Georges Auguste Couthon (December 22, 1755 - July 28, 1794) was a French politician and lawyer of the Revolutionary period. Events 1790 - The Turkish fortress of Izmail is stormed and captured by Suvorov and his Russian armies Year 1755 ( MDCCLV) was a Common year starting on Wednesday (link will display the full calendar of the Gregorian calendar (or Events 1540 - Thomas Cromwell is executed at the order of Henry VIII of England on charges of Treason. Year 1794 ( MDCCXCIV) was a Common year starting on Wednesday (link will display the full calendar of the Gregorian calendar (or a This article is about the country For a topic outline on this subject see List of basic France topics. The French Revolution (1789–1799 was a period of political and social upheaval in the History of France, during which the French governmental structure previously an
He travelled to Paris in order to fulfill his duty as a deputy to the Legislative Assembly, and immediately joined the Jacobin Club of Paris. During the French Revolution, the Legislative Assembly was the legislature of France from October 1 1791 to September 1792. He chose to sit on the Left at the first meeting of the Assembly, but soon decided against associating himself with such radicals as he feared they were "shocking the majority. " He was a very proficient speaker, and there is evidence that he exploited his infirmity in order to gain the ear of the Assembly on certain issues.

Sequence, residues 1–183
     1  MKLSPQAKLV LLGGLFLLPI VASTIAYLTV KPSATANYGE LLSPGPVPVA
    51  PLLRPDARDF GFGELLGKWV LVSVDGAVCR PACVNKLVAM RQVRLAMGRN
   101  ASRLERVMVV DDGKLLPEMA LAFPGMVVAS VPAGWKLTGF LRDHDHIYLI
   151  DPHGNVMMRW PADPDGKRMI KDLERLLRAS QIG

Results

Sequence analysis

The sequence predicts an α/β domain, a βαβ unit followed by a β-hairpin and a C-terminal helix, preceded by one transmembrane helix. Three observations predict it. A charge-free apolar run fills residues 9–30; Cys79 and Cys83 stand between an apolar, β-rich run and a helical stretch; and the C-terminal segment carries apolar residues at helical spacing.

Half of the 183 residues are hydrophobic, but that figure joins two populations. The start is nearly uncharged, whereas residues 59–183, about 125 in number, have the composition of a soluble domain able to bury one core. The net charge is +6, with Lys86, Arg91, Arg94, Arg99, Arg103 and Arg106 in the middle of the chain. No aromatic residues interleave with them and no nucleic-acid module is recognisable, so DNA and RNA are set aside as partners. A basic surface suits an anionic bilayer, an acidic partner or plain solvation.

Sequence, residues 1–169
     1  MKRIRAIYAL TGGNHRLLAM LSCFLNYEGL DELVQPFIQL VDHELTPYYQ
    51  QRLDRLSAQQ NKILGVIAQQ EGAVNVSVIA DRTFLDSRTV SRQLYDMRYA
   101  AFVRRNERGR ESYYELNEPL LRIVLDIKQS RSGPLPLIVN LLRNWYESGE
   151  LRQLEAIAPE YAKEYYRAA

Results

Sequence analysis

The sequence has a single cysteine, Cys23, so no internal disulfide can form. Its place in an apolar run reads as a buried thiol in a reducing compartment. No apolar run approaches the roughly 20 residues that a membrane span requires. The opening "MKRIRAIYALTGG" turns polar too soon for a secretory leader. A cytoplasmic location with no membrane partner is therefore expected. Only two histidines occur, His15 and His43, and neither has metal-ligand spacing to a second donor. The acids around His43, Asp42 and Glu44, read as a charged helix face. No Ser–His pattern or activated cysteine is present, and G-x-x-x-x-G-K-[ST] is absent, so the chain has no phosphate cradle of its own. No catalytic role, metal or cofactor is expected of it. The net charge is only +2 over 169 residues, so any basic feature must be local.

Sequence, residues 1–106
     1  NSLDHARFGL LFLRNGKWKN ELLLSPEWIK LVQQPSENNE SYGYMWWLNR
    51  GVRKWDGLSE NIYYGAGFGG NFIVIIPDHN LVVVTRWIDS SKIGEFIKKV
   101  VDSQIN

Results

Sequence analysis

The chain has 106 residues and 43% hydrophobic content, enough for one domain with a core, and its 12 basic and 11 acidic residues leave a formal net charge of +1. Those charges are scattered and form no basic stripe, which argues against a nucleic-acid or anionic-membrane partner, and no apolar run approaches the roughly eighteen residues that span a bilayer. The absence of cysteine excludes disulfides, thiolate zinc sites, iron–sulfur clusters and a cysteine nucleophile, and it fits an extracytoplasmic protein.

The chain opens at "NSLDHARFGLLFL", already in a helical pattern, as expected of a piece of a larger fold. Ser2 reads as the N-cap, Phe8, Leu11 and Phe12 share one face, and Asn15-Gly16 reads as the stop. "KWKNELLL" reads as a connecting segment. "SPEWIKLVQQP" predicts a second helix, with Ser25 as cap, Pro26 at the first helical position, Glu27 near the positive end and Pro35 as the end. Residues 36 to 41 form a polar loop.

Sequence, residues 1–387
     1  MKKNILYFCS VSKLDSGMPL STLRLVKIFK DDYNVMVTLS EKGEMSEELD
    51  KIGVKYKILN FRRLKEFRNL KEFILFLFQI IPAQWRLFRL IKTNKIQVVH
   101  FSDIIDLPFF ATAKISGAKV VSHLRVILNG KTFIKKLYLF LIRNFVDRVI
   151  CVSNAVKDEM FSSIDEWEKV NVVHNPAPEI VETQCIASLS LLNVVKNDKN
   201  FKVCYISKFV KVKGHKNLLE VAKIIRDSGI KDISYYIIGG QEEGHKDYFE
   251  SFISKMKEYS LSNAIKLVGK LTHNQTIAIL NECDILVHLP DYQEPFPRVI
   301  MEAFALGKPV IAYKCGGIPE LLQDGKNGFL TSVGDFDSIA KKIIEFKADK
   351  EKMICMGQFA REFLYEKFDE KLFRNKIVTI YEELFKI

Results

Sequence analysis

In September 1792 Couthon was elected to the National Convention, and during a visit to Flanders, where he was treating his health, he met and befriended Charles François Dumouriez. Year 1792 ( MDCCXCII) was a Leap year starting on Sunday (link will display the full calendar of the Gregorian calendar (or a Leap year During the French Revolution, the National Convention or Convention, in France, comprised the Constitutional and legislative assembly Nord (North is a department in the far north of France. It is the country's most populated department Charles François Dumouriez ( January 25, 1739 &ndash March 14, 1823) was a French general of the French Revolutionary Wars At the trial of the king he voted for the death sentence without appeal. Capital punishment, the death penalty or execution, is the Killing of a person by judicial process as Punishment. In Law, an appeal is a process for requesting a formal change to an official decision He hesitated for a time as to which party he should join, but finally decided for The Mountain and the inner group formed around Maximilien Robespierre - with whom he shared many opinions, especially on religious issues such as revolutionary dechristianization (to which he was opposed- see Cult of the Supreme Being). The Mountain (in French La Montagne) refers in the context of the history of the French Revolution to a political group whose members called Maximilien François Marie Isidore de Robespierre (maksimiljɛ̃ fʁɑ̃swa maʁi izidɔʁ də ʁɔbɛspjɛʁ ( 6 May 1758 – 28 July 1794) The Cult of the Supreme Being ( French: Culte de l'Être suprême) was a religion based on Deism devised by Maximilien Robespierre, intended to He was the first to demand the arrest of the proscribed Girondists. The Girondists (in French Girondins, and sometimes Brissotins or "Baguettes" were a political faction in France within the Legislative